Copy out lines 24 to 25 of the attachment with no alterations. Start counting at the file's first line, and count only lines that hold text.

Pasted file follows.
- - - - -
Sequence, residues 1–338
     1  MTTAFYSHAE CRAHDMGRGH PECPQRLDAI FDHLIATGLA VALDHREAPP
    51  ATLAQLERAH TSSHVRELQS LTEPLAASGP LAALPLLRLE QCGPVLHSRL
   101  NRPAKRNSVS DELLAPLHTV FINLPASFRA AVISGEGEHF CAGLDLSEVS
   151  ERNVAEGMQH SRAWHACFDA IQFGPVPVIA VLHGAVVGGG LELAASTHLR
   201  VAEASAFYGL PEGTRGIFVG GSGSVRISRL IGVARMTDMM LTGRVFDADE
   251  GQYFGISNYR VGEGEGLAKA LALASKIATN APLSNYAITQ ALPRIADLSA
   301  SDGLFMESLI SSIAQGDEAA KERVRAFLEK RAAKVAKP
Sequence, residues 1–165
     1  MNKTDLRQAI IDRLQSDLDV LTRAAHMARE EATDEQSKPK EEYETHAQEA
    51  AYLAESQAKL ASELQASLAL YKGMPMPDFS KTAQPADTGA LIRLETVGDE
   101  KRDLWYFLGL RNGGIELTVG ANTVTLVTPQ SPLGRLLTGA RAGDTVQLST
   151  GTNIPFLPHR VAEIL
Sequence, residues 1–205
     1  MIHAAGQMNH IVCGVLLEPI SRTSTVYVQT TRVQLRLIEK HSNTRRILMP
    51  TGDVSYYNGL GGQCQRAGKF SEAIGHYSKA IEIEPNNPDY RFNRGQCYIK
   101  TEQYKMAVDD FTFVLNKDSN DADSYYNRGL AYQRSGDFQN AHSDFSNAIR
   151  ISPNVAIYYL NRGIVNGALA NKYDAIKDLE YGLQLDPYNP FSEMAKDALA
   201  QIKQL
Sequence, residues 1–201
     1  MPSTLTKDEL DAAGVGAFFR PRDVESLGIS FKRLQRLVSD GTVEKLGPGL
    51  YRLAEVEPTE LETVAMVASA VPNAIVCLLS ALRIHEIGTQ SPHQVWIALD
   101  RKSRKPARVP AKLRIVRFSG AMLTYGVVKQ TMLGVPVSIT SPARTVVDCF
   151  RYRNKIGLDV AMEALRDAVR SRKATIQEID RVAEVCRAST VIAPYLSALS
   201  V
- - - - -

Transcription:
   151  RYRNKIGLDV AMEALRDAVR SRKATIQEID RVAEVCRAST VIAPYLSALS
   201  V